Students Are Now Majoring in Emergency Managent and Disaster Response
When I was in kindergarten, the OKC Murrah Building was blown up by a bomb. This experience was quite shocking for me, but since it was not in my town, I was not nearly as affected by this disaster as Carlene Pinto. When Pinto was in middle school, she watched the second World Trade Center Tower crash to the ground and then walked home as paperwork and dust fell from the sky all around her. Lindsay Yates was another young child who saw disaster strike her hometown when Hurricane Fran killed 24 people in her state. What do we three women have in common besides tragic events in our childhoods? We could all study disaster mental health at SUNY New Paltz.
The university is one of many schools that are now offering programs that focus on emergency management and disaster response. This new trend is in direct response to the numerous catastrophes that have plagued our nation and the world in recent years. In 2001, there were only about 70 emergency-management programs in the USA; today, that number is more than 230.
“This generation has never known a time without terrorism or disaster, and I think it has drawn many of them to this field,” said Karla Vermeulen of the Institute for Disaster Mental Health. “They were 10 at the time of 9/11 and 14 during Katrina, and it’s really shaped them.”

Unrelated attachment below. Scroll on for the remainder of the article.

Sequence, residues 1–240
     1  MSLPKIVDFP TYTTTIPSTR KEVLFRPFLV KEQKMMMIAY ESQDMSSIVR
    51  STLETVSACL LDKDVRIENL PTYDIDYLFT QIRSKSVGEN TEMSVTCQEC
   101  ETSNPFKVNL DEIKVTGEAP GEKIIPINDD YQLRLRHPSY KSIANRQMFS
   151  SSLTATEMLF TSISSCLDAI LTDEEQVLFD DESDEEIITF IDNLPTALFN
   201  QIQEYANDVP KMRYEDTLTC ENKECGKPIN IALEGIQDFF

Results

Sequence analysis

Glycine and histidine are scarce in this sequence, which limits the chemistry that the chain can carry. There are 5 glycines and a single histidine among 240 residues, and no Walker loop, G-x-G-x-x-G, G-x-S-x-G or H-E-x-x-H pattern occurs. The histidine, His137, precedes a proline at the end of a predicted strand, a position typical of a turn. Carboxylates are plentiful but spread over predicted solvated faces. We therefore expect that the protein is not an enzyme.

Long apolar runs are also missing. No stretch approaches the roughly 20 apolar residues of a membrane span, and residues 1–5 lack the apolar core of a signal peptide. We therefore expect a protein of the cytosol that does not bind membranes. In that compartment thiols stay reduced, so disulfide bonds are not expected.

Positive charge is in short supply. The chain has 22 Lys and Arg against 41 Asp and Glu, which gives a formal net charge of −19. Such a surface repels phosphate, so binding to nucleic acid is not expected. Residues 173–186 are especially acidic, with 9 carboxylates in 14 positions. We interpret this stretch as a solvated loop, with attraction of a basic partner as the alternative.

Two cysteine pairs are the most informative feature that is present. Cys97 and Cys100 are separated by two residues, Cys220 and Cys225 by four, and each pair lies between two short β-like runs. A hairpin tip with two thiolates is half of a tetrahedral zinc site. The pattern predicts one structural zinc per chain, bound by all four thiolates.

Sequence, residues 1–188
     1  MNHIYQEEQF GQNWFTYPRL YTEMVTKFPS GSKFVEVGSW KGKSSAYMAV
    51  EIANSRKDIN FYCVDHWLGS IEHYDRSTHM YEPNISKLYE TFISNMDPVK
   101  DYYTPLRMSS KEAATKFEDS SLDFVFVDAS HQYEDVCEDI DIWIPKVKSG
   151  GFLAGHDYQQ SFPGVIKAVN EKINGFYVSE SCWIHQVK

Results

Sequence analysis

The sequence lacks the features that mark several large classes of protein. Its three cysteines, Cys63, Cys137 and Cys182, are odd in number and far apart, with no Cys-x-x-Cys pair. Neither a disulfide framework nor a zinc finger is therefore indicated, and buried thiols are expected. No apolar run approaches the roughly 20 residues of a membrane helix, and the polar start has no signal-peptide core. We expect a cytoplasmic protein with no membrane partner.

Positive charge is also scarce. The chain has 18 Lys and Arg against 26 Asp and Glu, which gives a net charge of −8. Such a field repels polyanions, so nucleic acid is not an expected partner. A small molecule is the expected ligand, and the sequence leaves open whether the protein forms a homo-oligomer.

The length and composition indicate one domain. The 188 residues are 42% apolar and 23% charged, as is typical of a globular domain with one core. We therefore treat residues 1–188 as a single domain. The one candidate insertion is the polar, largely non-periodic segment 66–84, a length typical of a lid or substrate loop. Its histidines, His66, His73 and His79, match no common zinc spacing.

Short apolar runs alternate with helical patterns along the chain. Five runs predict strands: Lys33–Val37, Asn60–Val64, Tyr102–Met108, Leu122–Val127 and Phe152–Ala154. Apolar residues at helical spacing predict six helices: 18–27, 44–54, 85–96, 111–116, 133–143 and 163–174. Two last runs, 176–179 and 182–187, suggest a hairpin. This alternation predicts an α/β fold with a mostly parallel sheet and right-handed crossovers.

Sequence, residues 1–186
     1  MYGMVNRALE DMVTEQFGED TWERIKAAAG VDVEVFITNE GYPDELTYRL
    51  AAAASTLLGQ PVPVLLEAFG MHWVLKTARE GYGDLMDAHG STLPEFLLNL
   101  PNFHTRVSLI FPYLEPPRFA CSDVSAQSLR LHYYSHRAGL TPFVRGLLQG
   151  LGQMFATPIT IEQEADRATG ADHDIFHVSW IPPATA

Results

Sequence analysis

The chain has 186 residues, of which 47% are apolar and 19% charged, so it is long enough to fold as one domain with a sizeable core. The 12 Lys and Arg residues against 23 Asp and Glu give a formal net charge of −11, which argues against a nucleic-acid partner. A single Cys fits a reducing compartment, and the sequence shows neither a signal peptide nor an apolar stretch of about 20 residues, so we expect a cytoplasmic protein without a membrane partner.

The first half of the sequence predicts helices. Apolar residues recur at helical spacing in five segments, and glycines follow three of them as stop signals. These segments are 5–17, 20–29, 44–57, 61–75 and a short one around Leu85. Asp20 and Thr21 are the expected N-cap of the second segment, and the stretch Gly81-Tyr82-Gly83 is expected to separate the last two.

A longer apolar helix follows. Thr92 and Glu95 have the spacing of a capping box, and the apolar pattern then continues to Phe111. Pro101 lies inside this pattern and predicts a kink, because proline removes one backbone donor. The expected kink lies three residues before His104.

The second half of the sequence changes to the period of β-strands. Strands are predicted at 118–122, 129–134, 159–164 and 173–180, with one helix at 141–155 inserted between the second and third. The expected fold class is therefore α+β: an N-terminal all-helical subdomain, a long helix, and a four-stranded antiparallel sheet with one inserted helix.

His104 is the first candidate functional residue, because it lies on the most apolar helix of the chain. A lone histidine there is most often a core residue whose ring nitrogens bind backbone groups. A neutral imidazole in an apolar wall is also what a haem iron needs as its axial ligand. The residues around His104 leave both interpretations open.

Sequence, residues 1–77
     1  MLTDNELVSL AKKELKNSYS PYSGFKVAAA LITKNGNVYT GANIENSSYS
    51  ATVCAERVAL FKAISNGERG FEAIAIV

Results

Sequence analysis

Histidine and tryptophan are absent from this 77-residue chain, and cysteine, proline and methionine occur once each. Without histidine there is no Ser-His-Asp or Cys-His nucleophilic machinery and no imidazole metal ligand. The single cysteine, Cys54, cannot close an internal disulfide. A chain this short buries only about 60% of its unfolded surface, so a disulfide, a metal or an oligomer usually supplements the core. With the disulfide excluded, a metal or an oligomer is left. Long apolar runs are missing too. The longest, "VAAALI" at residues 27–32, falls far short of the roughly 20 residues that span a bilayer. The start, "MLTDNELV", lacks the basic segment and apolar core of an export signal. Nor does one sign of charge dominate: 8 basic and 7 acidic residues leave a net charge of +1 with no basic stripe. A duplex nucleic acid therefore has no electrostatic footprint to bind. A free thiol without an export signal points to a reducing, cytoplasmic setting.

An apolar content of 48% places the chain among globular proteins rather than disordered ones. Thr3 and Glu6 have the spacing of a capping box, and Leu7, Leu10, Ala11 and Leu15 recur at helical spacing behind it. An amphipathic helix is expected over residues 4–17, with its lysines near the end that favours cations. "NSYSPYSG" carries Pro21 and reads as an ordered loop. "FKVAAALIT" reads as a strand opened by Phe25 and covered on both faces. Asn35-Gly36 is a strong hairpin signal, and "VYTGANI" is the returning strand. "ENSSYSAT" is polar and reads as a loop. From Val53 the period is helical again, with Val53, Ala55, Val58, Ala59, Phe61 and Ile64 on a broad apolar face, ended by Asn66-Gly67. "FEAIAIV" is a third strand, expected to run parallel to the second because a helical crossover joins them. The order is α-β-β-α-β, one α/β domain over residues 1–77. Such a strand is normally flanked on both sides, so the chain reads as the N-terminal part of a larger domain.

Some of the disasters that students who are studying this new field might encounter include the earthquake in Haiti, the tsunami in Japan, and the many terrorism acts that have frightened humans around the world. There are new disasters occurring almost every month, which provides interesting curriculum for the students and teachers.
“It’s a moving target,” said Vermeulen. “You’re watching the news in the morning and figuring out, ‘How am I going to incorporate the last disaster into my teaching?'”
So what exactly would you do with a disaster mental health degree? Many graduates who study this field hope to work for both nonprofit organizations and for-profit corporations with the goal of creating plans for continuing operations after a disaster.
In addition to attending classes, students at SUNY New Paltz also receive real-life experiences in emergency management. After Hurricane Katrina devastated New Orleans, the institute’s director – Dr. James Halpern – took students to the city that was in crisis to offer support and assistance.
“A lot of people were concerned that the students might not be mature enough or responsible enough or old enough,” said Halpern. “But what I found out was, what they didn’t have in experience, they made up for in enthusiasm, idealism and common sense.”
In a world were disasters cannot be avoided, it seems like it would be a great idea for more people to be trained in handling these situations and the mental health of those people who are involved in these situations.
Via The NY Times